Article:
Common Sense Note
Parents need to know that violence -- both graphic and implied -- permeates this film (just as it did Viggo Mortensen and David Cronenberg's last collaboration, A History of Violence). From the first scene (which shows a brutal throat cutting) on, it's clear that kids and teens aren't the intended audience. Women are manhandled, men are murdered, babies are kidnapped, sons are betrayed, and sexual acts are forced, with little or no emotion. There's also smoking, drinking, strong language, and full nudity. It all serves a complex storyline that yields an intriguing film. But if you're not a Cronenberg fan, you may walk away stunned and appalled.
Tatiana and Nikolai share a tender kiss. All other scenes of sex/nudity involve women clearly under the influence of force and/or coercion. One of these disturbing scenes shows a woman having intercourse (her breasts and bottom are bare) while her eyes are glazed over, as if she's completely disconnected from the act. Images include full nudity, though it's artfully staged so that the camera doesn't linger too long on genitalia (viewers just get flashes of them).
Brutal and nearly unrelenting, whether outright graphic or implied. In the opening scene, the throat of a man sitting in a barber shop chair is slit while the camera zooms up close; later, mobsters cut off his fingers so that there won't be any fingerprints (also shown in close-up). A young girl collapses in a pool of blood, Semyon beats his son at the drop of a hat, and Kirill then takes out his frustrations on others. A particularly bloody fight unfolds in a bathhouse, where a naked Nikolai goes up against two clothed intruders bearing knives. One ends up with a dagger in his eyeballs (again, seen up close). Accompanying all of this is a cacophony of disturbing sounds of bones crunching and flesh being hacked to pieces. Women are raped and coerced into sex.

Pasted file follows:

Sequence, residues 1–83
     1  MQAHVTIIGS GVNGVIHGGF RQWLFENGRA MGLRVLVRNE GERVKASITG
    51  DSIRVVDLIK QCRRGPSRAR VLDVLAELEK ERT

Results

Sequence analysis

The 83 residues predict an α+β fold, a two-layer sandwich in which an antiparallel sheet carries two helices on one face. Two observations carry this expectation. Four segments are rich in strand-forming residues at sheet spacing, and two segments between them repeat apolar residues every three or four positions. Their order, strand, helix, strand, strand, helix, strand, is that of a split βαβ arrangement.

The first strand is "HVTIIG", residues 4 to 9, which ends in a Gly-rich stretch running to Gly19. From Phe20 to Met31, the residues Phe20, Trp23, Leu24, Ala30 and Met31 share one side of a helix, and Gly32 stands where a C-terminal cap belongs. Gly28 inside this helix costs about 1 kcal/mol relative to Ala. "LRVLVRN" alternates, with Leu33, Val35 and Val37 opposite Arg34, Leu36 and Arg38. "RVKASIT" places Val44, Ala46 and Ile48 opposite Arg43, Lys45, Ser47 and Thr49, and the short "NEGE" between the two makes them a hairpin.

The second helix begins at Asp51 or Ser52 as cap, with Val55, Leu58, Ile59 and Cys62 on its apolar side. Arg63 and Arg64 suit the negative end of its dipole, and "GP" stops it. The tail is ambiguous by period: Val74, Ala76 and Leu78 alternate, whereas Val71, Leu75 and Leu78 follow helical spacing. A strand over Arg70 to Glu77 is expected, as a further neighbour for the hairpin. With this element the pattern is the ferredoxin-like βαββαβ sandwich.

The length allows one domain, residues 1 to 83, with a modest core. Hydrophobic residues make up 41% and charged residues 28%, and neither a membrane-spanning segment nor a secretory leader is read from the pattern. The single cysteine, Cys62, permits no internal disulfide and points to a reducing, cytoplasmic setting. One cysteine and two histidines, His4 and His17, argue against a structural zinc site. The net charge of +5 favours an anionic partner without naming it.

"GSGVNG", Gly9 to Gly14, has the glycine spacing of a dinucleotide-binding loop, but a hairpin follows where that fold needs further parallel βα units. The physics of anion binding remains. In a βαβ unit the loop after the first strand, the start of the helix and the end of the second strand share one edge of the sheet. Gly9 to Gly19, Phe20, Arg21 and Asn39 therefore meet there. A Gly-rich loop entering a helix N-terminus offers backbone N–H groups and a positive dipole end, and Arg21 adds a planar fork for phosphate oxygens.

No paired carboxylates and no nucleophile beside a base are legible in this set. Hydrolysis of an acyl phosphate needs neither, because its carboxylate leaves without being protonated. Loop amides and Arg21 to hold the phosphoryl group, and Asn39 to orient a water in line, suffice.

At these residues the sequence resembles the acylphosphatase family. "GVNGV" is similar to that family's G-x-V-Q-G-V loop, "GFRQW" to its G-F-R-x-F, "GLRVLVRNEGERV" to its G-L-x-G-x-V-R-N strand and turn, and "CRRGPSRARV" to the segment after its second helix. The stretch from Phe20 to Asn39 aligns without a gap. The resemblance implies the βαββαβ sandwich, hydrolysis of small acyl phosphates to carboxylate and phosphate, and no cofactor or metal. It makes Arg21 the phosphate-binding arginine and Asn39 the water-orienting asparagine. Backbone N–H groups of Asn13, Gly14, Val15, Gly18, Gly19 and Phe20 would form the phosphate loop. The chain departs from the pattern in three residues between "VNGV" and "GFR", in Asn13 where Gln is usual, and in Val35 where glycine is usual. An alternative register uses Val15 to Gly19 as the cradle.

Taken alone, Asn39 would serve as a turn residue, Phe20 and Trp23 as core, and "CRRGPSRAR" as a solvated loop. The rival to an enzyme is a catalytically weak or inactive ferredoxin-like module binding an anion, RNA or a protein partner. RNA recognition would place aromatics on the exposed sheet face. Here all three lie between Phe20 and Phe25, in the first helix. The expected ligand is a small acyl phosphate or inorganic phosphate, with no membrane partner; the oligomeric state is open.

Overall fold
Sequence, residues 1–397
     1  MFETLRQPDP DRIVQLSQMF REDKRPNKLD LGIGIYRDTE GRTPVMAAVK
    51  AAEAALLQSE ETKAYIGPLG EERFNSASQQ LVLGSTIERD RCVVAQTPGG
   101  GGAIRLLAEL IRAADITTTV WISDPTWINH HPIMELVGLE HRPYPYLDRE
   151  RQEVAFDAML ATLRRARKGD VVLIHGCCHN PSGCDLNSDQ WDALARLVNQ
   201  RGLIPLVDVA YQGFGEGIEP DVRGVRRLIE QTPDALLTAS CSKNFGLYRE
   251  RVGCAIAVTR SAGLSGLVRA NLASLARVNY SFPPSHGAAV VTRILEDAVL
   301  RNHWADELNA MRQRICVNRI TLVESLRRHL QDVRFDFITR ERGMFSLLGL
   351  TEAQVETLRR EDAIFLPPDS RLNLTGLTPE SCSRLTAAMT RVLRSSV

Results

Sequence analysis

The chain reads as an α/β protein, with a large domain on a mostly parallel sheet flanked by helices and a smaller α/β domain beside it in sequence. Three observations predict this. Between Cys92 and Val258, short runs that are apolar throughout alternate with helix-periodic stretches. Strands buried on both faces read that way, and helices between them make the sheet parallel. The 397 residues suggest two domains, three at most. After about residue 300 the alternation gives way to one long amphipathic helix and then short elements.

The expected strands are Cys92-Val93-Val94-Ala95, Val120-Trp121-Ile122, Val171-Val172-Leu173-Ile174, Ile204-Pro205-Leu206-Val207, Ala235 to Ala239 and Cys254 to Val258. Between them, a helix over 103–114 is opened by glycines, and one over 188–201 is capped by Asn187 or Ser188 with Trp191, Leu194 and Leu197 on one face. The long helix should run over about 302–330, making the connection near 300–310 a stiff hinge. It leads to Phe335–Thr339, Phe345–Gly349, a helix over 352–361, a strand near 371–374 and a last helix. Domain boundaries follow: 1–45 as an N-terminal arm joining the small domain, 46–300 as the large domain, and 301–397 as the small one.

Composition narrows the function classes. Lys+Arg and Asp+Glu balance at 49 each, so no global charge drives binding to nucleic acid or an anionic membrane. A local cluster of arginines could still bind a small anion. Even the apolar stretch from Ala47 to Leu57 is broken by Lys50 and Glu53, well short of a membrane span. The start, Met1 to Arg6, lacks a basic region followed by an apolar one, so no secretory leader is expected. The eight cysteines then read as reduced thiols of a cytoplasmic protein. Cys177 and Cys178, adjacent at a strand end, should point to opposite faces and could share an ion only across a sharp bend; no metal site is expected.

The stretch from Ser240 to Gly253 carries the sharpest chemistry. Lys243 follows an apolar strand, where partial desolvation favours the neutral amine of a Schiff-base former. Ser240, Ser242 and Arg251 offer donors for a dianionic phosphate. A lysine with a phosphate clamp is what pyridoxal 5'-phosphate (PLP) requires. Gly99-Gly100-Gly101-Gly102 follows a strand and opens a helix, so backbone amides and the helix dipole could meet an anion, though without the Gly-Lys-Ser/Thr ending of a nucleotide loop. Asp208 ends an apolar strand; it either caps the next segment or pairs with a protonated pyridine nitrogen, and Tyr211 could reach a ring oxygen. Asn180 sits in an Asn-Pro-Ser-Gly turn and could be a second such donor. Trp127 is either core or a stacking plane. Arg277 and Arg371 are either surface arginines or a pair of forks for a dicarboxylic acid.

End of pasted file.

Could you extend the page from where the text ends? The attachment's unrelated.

Many uses of "f--k," "bitch," and "whore."
Murder, deception, brutality, kidnapping, smuggling, homophobia -- there's a panoply of questionable behavior on display here.
Occasional: Business card for a Russian restaurant, champagne label, Mercedes Benz.
Drugs / Tobacco /
Alcohol fuels the mayhem and seemingly numbs characters to their acts of violence (in a few scenes at a brothel, men drink from liquor bottles before they have sex -- one of them forcibly -- with the women). The young girl, Tatiana, has track marks on her arms, proof that she was drugged so she wouldn't fight her unfortunate circumstances. The men smoke endlessly, and there's social drinking and smoking in the restaurant.